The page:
“It looks like I’m saying I have to push this off a cliff if we don’t raise the money. But saying ‘Save this project!’ instead of ‘Support this project!’ seems to be making a difference,” Warshaw said.

Warshaw’s joke aside, publications built around sympathy instead of profitability are the latest model to emerge. Over the last decade, nonprofit newsrooms like ProPublica, the Center for Investigative Reporting and the Marshall Project have tackled serious stories that may not pencil out financially, but represent a valuable public service.

Lewis Samuels, contributor writer at multiple surf magazines and a friend of Warshaw, has a day-job with a Bay Area tech company, and has offered periodic advice on the project. Samuels said he had long cautioned his friend about the difficulties involved in a subscriber model, and tried to nudge him toward finding benefactors. The fate of Warshaw’s work, he said, will reveal what surfers’ devotion to their pastime really means.

“It’s kind of the final experiment: whether there are enough surfers interested in the history of surfing to keep this thing afloat. It tells you something about surfers, and about what they value,” Samuels said.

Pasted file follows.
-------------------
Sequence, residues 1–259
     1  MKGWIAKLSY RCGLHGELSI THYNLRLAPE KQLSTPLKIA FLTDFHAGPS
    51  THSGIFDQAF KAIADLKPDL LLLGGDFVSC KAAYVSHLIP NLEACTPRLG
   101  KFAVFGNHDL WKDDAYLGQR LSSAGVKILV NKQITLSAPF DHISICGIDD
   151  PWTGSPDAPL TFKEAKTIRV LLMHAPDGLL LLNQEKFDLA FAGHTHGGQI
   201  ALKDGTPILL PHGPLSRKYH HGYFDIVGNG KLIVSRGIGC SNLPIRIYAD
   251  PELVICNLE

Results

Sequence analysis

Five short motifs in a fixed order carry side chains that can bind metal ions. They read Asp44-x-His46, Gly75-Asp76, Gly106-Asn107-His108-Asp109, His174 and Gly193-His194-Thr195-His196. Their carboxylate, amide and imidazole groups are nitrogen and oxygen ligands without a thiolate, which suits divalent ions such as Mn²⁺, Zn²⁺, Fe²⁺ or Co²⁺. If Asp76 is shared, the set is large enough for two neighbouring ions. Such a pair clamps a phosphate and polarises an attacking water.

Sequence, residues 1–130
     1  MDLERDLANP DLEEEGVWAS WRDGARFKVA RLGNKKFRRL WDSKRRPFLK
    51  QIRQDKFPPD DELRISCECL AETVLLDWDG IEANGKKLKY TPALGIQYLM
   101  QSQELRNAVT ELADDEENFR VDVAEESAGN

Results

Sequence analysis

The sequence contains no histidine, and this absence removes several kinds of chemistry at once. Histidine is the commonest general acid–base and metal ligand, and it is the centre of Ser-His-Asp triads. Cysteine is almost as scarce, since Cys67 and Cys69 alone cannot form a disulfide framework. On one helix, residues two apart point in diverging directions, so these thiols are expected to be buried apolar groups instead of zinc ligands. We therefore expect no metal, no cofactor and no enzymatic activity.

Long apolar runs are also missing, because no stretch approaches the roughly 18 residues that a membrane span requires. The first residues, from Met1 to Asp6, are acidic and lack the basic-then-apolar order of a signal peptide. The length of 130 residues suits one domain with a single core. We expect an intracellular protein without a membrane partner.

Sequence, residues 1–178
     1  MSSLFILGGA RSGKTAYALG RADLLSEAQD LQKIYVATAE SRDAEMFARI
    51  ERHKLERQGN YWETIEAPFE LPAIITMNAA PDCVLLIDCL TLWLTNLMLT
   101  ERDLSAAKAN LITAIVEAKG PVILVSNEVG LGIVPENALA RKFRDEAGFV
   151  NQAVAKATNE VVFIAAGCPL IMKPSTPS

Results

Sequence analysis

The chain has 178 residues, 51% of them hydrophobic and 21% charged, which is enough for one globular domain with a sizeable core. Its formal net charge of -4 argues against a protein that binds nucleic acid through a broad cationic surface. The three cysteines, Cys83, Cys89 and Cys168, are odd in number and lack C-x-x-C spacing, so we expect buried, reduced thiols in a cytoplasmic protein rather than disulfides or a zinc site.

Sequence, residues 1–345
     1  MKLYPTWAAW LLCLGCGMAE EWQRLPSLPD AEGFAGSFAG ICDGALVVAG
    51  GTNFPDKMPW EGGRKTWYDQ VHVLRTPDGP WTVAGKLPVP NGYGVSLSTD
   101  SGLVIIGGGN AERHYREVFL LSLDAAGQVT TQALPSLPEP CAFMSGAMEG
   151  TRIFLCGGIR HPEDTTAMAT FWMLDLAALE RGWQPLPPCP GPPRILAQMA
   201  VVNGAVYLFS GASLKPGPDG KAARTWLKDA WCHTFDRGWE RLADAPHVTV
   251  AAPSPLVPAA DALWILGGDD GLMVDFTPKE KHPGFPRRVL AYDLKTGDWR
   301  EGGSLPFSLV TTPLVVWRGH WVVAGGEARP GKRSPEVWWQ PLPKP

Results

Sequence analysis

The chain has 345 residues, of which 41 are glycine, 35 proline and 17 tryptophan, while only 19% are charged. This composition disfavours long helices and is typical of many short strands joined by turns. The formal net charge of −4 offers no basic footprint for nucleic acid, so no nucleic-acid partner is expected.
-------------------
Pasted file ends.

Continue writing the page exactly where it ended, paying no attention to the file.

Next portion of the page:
The message

Warshaw, doing a bit of “archival research” in Hermosa in 1981. Photo by Steve Sakamoto

Warshaw is the first to acknowledge that people are far more exposed to surfing today than when he was growing up. Beyond the sport’s gradual shift from bohemia to the cultural mainstream, images and video are endlessly available on curated websites and, increasingly, social media feeds. And almost all of these are free.

The ever-expanding volume of surf footage, though, is not evenly distributed across time. It is heavily tilted toward the present, and less innocuously, slanted toward those with corporate sponsorship. In this environment, the kind of esoterica on which Warshaw has built his corpus seem unlikely to stick around.

Bradley Peacock, curator and manager of the Hermosa Beach Historical Society and Museum, presides over a collection of surf photos, videos and memorabilia. He said that surfing is a kind of folkway, with much of its traditions and customs sorted out informally. It is resistant to cataloging in official texts, which makes documenting the history of surfing different than, say, covering an election.

“You can’t always rely on the written word, because it is an everyday-people kind of thing. Oral history and photography are the vital sources for those. That makes it difficult, because you have to find people and track them down. Skateboarding is another good example: a lot of it, we just don’t know. It started as an underground culture, stigmatized,” Peacock said.